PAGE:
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The Ship Ann Maria.
full knowledge of the non-intercourse act, that it would be unlawful to call on his way to a foreign port, at a port of his own country, to know whether the law were still in force, or for the purpose of getting provisions. Nor can it be supposed that any one would be so fool hardy, if he did know that such conduct was illegal, as to come into the waters of the United States in the public and open manner in which this ship came. But the true question here is, not whether these goods were illegally imported into the United States, but whether they were taken on board with such illicit intention. If the question of fact has been properly disposed of, then whatever in ordinary cases might amount to an importation, if it shall satisfactorily appear that the vessel came without an intention of landing the goods contrary to law, but merely for the purpose of inquiry, and having an ulterior destination in view, it is not perceived how she has committed the offence for which she is prosecuted. Her merely passing through our waters, if it be manifest that no design was harboured of landing her cargo, is an innocent act, and not prohibited by any law. It was the importation into the United States, and the consumption there of English goods, which it was the policy of the law to guard against; and therefore any vessel might take on board such goods, provided at the time no such intention existed ; especially if her subsequent conduct did not show that every thing which had been done abroad was merely colourable. If then her conduct while in our waters consisted with the intention declared by her papers, and such is the opinion of the Court, what right has the Court to say that the ultimate destination of the voyage was not Cadiz? Or how can it be said that she came into the waters of the United States with an intent to import these goods, contrary to the true intent and meaning of the act of Congress, when by the evidence it appears that no such intention existed, but that her coming here was altogether for other purposes,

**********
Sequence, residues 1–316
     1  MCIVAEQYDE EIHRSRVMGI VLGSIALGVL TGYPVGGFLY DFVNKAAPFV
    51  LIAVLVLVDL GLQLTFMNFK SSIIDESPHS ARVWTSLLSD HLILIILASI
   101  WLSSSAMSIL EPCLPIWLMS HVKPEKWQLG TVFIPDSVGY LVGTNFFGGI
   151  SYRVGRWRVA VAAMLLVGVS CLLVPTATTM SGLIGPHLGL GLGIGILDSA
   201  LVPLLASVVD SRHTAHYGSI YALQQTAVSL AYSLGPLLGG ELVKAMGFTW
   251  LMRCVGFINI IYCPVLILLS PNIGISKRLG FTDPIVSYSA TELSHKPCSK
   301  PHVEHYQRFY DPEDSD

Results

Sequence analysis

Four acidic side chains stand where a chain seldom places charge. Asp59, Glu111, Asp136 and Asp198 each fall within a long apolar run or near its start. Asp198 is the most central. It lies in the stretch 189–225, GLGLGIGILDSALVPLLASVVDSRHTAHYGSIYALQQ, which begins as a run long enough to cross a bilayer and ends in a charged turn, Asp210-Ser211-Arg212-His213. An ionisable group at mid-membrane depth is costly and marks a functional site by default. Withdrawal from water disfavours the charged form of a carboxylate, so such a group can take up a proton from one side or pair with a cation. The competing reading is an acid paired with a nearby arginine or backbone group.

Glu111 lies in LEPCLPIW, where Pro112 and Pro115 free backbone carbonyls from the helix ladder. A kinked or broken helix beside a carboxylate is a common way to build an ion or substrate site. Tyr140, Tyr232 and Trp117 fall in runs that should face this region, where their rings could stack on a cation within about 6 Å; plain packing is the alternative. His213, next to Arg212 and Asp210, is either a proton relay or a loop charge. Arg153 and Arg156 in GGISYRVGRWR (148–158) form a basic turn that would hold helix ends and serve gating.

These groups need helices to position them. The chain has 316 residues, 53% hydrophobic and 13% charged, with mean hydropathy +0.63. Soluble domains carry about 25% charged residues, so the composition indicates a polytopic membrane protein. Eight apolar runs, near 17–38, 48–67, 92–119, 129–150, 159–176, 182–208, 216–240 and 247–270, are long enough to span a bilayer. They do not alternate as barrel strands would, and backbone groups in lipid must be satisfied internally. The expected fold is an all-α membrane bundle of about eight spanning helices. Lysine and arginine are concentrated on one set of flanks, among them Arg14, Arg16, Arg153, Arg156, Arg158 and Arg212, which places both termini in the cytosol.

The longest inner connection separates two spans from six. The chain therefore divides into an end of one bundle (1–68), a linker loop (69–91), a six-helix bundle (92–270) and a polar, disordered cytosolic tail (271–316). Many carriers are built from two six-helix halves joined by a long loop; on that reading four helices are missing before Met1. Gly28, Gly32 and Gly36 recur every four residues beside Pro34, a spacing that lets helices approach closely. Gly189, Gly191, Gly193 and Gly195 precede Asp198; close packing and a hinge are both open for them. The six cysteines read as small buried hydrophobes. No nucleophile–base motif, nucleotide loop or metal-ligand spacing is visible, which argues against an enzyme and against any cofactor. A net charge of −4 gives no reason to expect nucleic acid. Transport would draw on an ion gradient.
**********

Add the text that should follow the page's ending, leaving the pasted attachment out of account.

The Ship Ann Maria.
and among others for the purpose of leaving our waters im. mediately, if the act were still in force, and proceeding to a foreign port? The original intention then, which is fully established, as it is supposed to be here, must control what might otherwise be the conclusion of law on such an arrival. If that were innocent, no forfeiture attaches to the vessel.
Under these views of the subject, this Court is of opinion that the District Court erred in condemning the property. Its sentence must therefore be reversed, and a decree entered that the ship Ann Maria, her tackle, &c. be restored to the claimant.
D. DAGGETT and W. BRISTOL for the appellant.
CIRCUIT COURT OF THE UNITED STATES,
CONNECTICUT, APRIL TERM, 1814, AT NEW-HAVEN.
Hon. BROCKHOLST LIVINGSTON, Associate Justico of the Swo
THE UNITED STATES v. WILLIAMS ET AL.
An act laying duties on goods imported, “ from and after the passage of the
act,” takes effect the beginning of the day on which it is passed, and not
from the time of its being signed by the President. But, in case of a prosecution for a forfeiture ? Quere.
LIVINGSTON, J. The declaration is in debt on a bond dated the 1st of July, 1812, which the defendants executed to the United States of America, in the penal sum of four thousand four hundred dollars--the condition of which was, that the same should be void, if they or either of them, on or before the first day of October, then next, paid to the Collector of the Customs, for the District of New-London, for the time being, two thousand two hundred dollars, or the amount of the duties to be ascertained as due, and arising on certain goods entered by them, as imported in the brig Lydia, from St. Bartholomews, as per entry, dated the 1st July, 1812.
The defendants pleaded, that at eight o'clock in the forenoon of the said 1st day of July, 1812, the brig Lydia arrived at a wharf in New-London, and that at the same time, she and